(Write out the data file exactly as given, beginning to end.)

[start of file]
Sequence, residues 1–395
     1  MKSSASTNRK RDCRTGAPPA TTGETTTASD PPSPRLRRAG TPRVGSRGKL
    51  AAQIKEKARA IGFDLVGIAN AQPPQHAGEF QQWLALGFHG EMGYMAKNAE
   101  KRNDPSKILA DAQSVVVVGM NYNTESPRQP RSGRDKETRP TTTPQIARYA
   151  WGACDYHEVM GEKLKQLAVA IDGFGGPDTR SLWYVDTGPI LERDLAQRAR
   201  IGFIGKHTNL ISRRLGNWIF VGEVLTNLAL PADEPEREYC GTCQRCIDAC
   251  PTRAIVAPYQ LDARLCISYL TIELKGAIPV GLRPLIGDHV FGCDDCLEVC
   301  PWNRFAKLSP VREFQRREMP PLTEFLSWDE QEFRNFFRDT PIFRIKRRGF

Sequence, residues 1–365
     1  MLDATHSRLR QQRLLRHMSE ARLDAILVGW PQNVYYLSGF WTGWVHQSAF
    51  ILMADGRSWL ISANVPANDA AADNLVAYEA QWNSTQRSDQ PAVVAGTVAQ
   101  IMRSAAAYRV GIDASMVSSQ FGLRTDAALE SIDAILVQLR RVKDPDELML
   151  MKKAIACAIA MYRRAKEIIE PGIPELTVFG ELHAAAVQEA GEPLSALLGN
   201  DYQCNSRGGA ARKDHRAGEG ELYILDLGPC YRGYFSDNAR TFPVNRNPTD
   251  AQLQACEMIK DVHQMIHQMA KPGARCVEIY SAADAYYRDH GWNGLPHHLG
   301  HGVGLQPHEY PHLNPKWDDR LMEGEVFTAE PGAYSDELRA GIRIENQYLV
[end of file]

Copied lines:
Sequence, residues 1–395
     1  MKSSASTNRK RDCRTGAPPA TTGETTTASD PPSPRLRRAG TPRVGSRGKL
    51  AAQIKEKARA IGFDLVGIAN AQPPQHAGEF QQWLALGFHG EMGYMAKNAE
   101  KRNDPSKILA DAQSVVVVGM NYNTESPRQP RSGRDKETRP TTTPQIARYA
   151  WGACDYHEVM GEKLKQLAVA IDGFGGPDTR SLWYVDTGPI LERDLAQRAR
   201  IGFIGKHTNL ISRRLGNWIF VGEVLTNLAL PADEPEREYC GTCQRCIDAC
   251  PTRAIVAPYQ LDARLCISYL TIELKGAIPV GLRPLIGDHV FGCDDCLEVC
   301  PWNRFAKLSP VREFQRREMP PLTEFLSWDE QEFRNFFRDT PIFRIKRRGF

Sequence, residues 1–365
     1  MLDATHSRLR QQRLLRHMSE ARLDAILVGW PQNVYYLSGF WTGWVHQSAF
    51  ILMADGRSWL ISANVPANDA AADNLVAYEA QWNSTQRSDQ PAVVAGTVAQ
   101  IMRSAAAYRV GIDASMVSSQ FGLRTDAALE SIDAILVQLR RVKDPDELML
   151  MKKAIACAIA MYRRAKEIIE PGIPELTVFG ELHAAAVQEA GEPLSALLGN
   201  DYQCNSRGGA ARKDHRAGEG ELYILDLGPC YRGYFSDNAR TFPVNRNPTD
   251  AQLQACEMIK DVHQMIHQMA KPGARCVEIY SAADAYYRDH GWNGLPHHLG
   301  HGVGLQPHEY PHLNPKWDDR LMEGEVFTAE PGAYSDELRA GIRIENQYLV